in basal margin; accessory lobes short, shorter than apicale
of tegmen, projecting postero-laterally in basal parts, bearing
short setae in apical parts; penis (Fig. 6D) rather short, pointed
at apex, with short basal struts.
Female (Fig. 3B). Similar to male; antennae (Fig.
5B) relatively short and stout; approximate ratio of each
antennomere (n = 1) as 1.36 : 1.09 : 1.36 : 1.27 : 1.18 : 1.00
: 1.09 : 1.09 : 1.09 : 1.00 : 1.45; pronotum (Fig. 4B) wider;
posterior pronotal pits transversal shallow concavities (Fig.
2A–C); caudal margin of abdominal ventrite V (Fig. 5D)
arcuate. HL/HW 0.59–0.78 (0.71); PW/PL 1.15–1.37 (1.27);
EL/EW 1.69–1.92 (1.78); EL/PL 3.47–4.08 (3.76); EW/PW
1.50–1.79 (1.67); TL/EW 2.47–2.86 (2.60). Tergite VIII (Fig.
7D) semicircular, bearing short setae in caudal part. Sternite
VIII (Fig. 7E) semicircular, bearing short setae in caudal part,
with long and relatively stout median strut. Ovipositor (Fig.
7F) short.
Measurements. Male (n = 11): TL 4.31–4.95 (4.61) mm;
HL 0.60–0.70 (0.63) mm; HW 0.80–1.00 (0.90) mm; PW
0.95–1.10 (1.03) mm; PL 0.78–0.90 (0.85) mm; EL 2.90–3.40
(3.13) mm; EW 1.50–1.85 (1.66) mm. Female (n = 12): TL
4.20–5.53 (4.71) mm; HL 0.50–0.78 (0.64) mm; HW 0.82–1.00
(0.90) mm; PW 0.93–1.30 (1.09) mm; PL 0.73–1.00 (0.86)
mm; EL 2.85–3.75 (3.22) mm; EW 1.60–2.10 (1.81) mm.
Distribution. Japan (Honshu, Shikoku, Kyushu); Russia
(Far East).
Remarks. Male genitalia of this species were described and
gured by Nikitsky (1986) based on the Russian specimens,
but the gures (Nikitsky, 1986, gs. 7, 8) are different from
the Japanese ones (Fig. 6A–C) by the following points:
1) basal margin of basale of tegmen arcuate; 2) accessory
lobes long and projecting parallel in basal parts. These
characteristics are not match to T. lewisi but T. sasajii sp.
nov. described in this paper. Close reexamination of Russian
populations will be required.
Biological notes. This species is mainly distributed in
mountain zone (ca 100–1,000 m in altitude) in Japan. The
adults occur from April to June, and are collected with Dasytes
spp. (family Dasytidae) having similar body size, shape, and
coloration. The adults are frequently collected from tree owers
of Prunus spp. (Nikitsky, 1986) and Acer spp., and sometimes
attracted to light trap. Nikitsky (1986) described the larva of
this species (see also Zaitsev, 2016). The larvae are found under
bark of various trees, Juglans sp., Fraxinus sp. Ulmus sp., and
thought to feed on fungal hyphae and/or decaying phoem or
bark (Nikitsky, 1986; Young and Pollock, 2010).
Tydessa sasajii sp. nov.
(Figs. 3C, 3D, 4C, 4D, 5E–H, 6E–H, 7G–L)
Tydessa sp.: Sasaji, 1986: 13.
Type series. Holotype: 1 male (TARI), “Taiwan: Pingtung
Tahanshan 07. III. 2013, leg. Y.-T. Chung”. Paratypes: 1
female (TARI), same data as for the holotype; 1 male (TARI),
same loc. and collector, but 22. II. 2007; 1 female (TARI),
same loc. and collector, but 26. II. 2013; 3 females (TARI),
same loc. and collector, but 17. III. 2014; 4 males & 5 females
(TARI, EUMJ), same loc. and collector, but 16. III. 2013;
1 female (TARI), “Taiwan: Pingtung Machia 11. III. 2013,
leg. Y.-T. Chung”; 2 females (TARI), “Taiwan: Kaoshing
Erhchituan 08. III. 2013, leg. B.-X. Guo”; 1 female (TARI),
“Taiwan: Taipei Wulai 21. II. 2010, leg. Y.-L. Lin”; 1 female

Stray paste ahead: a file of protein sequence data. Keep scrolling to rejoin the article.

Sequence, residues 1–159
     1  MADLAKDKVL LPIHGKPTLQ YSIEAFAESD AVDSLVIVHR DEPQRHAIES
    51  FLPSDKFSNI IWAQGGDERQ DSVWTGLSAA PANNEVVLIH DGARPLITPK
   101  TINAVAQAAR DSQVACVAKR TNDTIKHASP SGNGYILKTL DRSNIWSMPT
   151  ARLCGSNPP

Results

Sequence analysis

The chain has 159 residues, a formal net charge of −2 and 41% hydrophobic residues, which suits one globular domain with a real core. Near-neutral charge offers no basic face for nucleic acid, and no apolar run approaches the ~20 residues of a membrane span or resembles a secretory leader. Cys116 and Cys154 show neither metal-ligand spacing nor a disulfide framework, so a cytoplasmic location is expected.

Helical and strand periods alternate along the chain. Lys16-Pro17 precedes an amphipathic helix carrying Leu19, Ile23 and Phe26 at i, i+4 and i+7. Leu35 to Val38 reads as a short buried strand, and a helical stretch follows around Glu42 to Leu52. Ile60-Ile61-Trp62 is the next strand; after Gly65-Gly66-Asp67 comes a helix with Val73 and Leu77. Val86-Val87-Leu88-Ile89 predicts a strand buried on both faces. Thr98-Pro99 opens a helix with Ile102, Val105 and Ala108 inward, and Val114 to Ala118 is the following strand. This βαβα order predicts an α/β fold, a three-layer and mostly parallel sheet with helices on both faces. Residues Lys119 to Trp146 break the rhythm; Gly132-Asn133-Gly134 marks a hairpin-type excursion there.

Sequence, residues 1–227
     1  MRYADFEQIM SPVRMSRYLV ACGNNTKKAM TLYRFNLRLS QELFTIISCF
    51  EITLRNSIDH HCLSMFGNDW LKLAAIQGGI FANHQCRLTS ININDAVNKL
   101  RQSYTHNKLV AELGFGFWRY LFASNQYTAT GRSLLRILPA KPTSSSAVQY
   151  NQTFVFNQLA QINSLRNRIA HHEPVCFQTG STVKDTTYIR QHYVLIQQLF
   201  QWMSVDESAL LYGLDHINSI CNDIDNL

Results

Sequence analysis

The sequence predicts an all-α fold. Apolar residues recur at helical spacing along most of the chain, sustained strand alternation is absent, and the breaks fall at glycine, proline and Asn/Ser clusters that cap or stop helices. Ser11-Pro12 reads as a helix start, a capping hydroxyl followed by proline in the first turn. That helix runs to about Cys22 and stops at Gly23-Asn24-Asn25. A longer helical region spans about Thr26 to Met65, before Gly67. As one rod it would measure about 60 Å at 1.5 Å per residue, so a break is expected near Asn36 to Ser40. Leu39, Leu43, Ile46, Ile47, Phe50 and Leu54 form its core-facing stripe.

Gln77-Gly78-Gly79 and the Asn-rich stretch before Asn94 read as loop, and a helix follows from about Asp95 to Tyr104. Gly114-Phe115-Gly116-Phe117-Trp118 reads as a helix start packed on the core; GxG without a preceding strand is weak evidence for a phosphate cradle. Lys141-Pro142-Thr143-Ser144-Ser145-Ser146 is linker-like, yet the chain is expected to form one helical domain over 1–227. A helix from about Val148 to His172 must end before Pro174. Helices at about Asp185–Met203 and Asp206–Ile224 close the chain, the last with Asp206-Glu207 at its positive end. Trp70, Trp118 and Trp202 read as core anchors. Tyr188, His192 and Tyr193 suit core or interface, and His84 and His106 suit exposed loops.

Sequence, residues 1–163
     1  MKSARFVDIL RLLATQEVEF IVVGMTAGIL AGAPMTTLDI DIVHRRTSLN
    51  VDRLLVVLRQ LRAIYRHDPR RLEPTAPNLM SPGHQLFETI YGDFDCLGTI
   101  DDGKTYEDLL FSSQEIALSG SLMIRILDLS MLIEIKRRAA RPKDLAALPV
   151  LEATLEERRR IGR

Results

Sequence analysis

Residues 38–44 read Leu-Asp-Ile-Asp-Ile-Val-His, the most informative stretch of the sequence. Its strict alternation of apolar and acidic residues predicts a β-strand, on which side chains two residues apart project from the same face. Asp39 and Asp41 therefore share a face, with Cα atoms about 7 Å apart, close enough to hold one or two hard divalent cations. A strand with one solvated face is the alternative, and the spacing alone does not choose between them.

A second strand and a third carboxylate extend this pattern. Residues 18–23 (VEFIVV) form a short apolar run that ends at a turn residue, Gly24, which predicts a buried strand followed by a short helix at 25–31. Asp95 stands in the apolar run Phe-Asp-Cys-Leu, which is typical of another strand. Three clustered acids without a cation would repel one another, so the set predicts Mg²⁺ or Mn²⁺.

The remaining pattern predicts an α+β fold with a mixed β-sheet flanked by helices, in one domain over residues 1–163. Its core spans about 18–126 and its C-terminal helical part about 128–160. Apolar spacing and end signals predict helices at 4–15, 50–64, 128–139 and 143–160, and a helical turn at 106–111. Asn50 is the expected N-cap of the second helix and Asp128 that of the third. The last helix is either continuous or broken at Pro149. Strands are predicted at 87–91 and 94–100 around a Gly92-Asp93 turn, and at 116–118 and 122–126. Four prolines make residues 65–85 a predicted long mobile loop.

(TARI), “Taiwan: Kaoshiung Tengchih 28. III. 2015, leg. W.-
Fig. 5. Antennae (A, B, E, F) and ventrite V (C, D, G, H) of
Tydessa spp. A–D, Tydessa lewisi (Pic); E–H, T. sasajii sp. nov. A,
C, E, G, Male; B, D, F, H, female.
115
A new Tydessa from Taiwan
May 30, 2016, JJSE 22 (1)
Fig. 6. Male genitalia of Tydessa spp. A–D, Tydessa lewisi (Pic); E–H, T. sasajii sp. nov. A–C, E–G, Aedeagus in dorsal (A, E),
ventral (B, F) and left lateral (C, G) views; D, H, penis in ventral views.
116 Yoshitomi, H.
May 30, 2016, JJSE 22 (1)
C. Liao”; 1 male & 1 female (TARI), “Taiwan: Kaoshiung
Tonatrail 25. II. 2013, leg. Y.-T. Chung”; 5 males (EUMJ),
“(FORMOSA) Nanshanchi Nantou Country III-26, 1977
Yutaka Notsu leg.”; 1 female (EUMJ), “(FORMOSA) Lake
Yenyanfu Ilan Hsien 29, IV 1982 N. Ohbayashi leg.”; 1
female (EUMJ), “Nanshanchi Taiwan 16-III-1990”; 1 male
(TARI), “Nr. Liukuei Kaoshiung Hs, Taiwan 25 III 1990 W.
Chen leg.”; 1 female (EUMJ), “[TAIWAN] Siangyang, Alt.
ca 2,100–2,300m Haiduan Township, Taitung Country 7–9.
VI. 2013, J. Yamasako leg.”; 1 female (KUMJ), “Tsifeng
(2300m) Nantou Hsien Taiwan 11 V 1982, Yu, Chin-Kin leg.
(S. Osawa’s Coll.)”, “Tydessa sp. DET. H. SASAJI 198 ”,
this specimen was reported as Tydessa sp. in Sasaji (1986a);
2 males (EUMJ), “[TAIWAN] Dahan-shan (Mt.), Chunrih
Township, Pingtung Country 13. II, 2016, J. Yamasako leg.“.
Diagnosis. Body with strong bluish luster; head and
pronotum sparsely covered with short setae and punctures;
scutellar shield as long as wide; basal margin of basale of
tegmen arcuate; accessory lobes long and projecting parallel
in basal parts.
Description. Male (Fig. 3C). Body oblong, strongly shiny,
closely covered with minute silver setae. Coloration of body
black with bluish strong luster in head, pronotum and elytra;
antennomeres II–III yellowish brown in some specimens.
Head (Fig. 4C) large, with prominent eyes; HL/HW
0.65–0.79 (0.70). Antennae (Fig. 5E) long, submoniliform,
reaching at basal margin of elytra; approximate ratio of
each antennomere (n = 1) as 1.36 : 1.00 : 1.27 : 1.36 : 1.27 :
1.27 : 1.27 : 1.18 : 1.36 : 1.18 : 2.00. Posterior pronotal pits
indistinct; PW/PL 1.25–1.36 (1.30). Scutellar shield (Fig.
4C) semicircular. Elytra subparallel-sided near base to basal
1/2, widest at caudal 1/3; EL/EW 1.67–1.95 (1.82); EL/PL